If a unit file is empty (i.e. has the file size 0) or is symlinked to /dev/null, its configuration will not be loaded and it appears with a load state of "masked", and cannot be activated. Use this as an effective way to fully disable a unit, making it impossible to start it even manually.
The unit file format is covered by the Interface Stability Promise.
The escaping algorithm operates as follows: given a string, any "/" character is replaced by "-", and all other characters which are not ASCII alphanumerics or "_" are replaced by C-style "\x2d" escapes. In addition, "." is replaced with such a C-style escape when it would appear as the first character in the escaped string.
When the input qualifies as absolute file system path, this algorithm is extended slightly: the path to the root directory "/" is encoded as single dash "-". In addition, any leading, trailing or duplicate "/" characters are removed from the string before transformation. Example: /foo//bar/baz/ becomes "foo-bar-baz".
This escaping is fully reversible, as long as it is known whether the escaped string was a path (the unescaping results are different for paths and non-path strings). The systemd-escape(1) command may be used to apply and reverse escaping on arbitrary strings. Use systemd-escape --path to escape path strings, and systemd-escape without --path otherwise.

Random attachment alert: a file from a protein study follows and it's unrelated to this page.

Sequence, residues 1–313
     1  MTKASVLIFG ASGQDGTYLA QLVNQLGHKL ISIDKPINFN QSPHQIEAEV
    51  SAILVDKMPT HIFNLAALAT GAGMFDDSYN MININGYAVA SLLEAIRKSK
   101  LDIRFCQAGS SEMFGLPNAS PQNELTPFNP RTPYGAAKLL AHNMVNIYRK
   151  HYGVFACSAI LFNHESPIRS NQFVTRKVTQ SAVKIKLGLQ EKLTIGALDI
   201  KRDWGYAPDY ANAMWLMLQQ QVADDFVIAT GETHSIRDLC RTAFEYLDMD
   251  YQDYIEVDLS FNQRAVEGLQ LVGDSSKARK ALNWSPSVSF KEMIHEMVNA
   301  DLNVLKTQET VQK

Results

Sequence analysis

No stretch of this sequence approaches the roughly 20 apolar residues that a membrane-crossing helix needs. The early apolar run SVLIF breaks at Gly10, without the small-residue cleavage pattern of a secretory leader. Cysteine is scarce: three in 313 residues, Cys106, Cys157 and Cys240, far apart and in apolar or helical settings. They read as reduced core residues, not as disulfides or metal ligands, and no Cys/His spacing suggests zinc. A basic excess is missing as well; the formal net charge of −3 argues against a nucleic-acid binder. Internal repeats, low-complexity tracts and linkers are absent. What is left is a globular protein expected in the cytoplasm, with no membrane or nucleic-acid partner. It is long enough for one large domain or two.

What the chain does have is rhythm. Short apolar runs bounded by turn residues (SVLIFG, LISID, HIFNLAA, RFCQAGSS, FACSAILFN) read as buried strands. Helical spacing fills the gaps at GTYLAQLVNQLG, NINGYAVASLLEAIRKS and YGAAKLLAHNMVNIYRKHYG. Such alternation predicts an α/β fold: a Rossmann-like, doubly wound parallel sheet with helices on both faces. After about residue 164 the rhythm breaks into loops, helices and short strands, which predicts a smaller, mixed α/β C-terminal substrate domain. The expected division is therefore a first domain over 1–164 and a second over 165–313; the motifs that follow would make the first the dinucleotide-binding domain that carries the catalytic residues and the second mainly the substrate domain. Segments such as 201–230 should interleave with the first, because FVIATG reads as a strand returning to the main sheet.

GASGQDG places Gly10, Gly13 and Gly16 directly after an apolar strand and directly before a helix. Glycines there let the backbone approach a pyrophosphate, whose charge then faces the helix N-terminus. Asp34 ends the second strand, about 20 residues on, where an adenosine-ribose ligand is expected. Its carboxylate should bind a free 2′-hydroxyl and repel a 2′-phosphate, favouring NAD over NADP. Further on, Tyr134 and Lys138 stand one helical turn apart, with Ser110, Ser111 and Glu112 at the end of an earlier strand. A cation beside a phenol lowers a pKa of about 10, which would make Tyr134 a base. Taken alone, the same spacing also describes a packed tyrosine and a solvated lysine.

For example, service units with Type=dbus automatically acquire dependencies of type Requires= and After= on dbus.socket. See systemd.service(5) for details.
For example, target units will complement all configured dependencies of type Wants= or Requires= with dependencies of type After= unless DefaultDependencies=no is set in the specified units. See systemd.target(5) for details. Note that this behavior can be turned off by setting DefaultDependencies=no.
When the variable $SYSTEMD_UNIT_PATH is set, the contents of this variable overrides the unit load path. If $SYSTEMD_UNIT_PATH ends with an empty component (":"), the usual unit load path will be appended to the contents of the variable.
Table 1. Load path when running in system mode (--system).
|/etc/systemd/system.control||Persistent and transient configuration created using the dbus API|
|/run/systemd/transient||Dynamic configuration for transient units|
|/run/systemd/generator.early||Generated units with high priority (see early-dir in systemd.generator(7))|
|/run/systemd/generator||Generated units with medium priority (see normal-dir in systemd.generator(7))|
|/usr/local/lib/systemd/system||Units of installed packages|
|/run/systemd/generator.late||Generated units with low priority (see late-dir in systemd.generator(7))|
Table 2. Load path when running in user mode (--user).
|$XDG_CONFIG_HOME/systemd/user.control or ~/.config/systemd/user.control||Persistent and transient configuration created using the dbus API ($XDG_CONFIG_HOME is used if set, ~/.config otherwise)|
|/run/systemd/transient||Dynamic configuration for transient units|
|/run/systemd/generator.early||Generated units with high priority (see early-dir in systemd.generator(7))|
|$XDG_CONFIG_HOME/systemd/user or $HOME/.config/systemd/user||User configuration ($XDG_CONFIG_HOME is used if set, ~/.config otherwise)|
|$XDG_RUNTIME_DIR/systemd/user||Runtime units (only used when $XDG_RUNTIME_DIR is set)|
|$XDG_RUNTIME_DIR/systemd/generator||Generated units with medium priority (see normal-dir in systemd.generator(7))|
|$XDG_DATA_HOME/systemd/user or $HOME/.local/share/systemd/user||Units of packages that have been installed in the home directory ($XDG_DATA_HOME is used if set, ~/.local/share otherwise)|